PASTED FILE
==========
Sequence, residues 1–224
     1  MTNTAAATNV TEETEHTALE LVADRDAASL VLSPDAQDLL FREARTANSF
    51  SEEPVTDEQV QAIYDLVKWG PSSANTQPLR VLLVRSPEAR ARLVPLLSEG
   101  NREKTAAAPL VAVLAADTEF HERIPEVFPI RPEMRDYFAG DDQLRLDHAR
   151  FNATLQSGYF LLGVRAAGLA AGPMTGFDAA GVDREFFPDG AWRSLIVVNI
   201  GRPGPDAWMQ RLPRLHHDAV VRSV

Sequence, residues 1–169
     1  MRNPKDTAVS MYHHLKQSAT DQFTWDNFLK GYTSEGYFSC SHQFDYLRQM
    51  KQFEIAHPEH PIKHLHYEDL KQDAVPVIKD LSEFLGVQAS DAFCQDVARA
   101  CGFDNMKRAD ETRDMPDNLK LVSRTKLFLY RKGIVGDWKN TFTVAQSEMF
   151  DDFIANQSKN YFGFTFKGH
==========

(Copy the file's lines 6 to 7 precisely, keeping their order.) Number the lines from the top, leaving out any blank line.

   201  GRPGPDAWMQ RLPRLHHDAV VRSV

Sequence, residues 1–169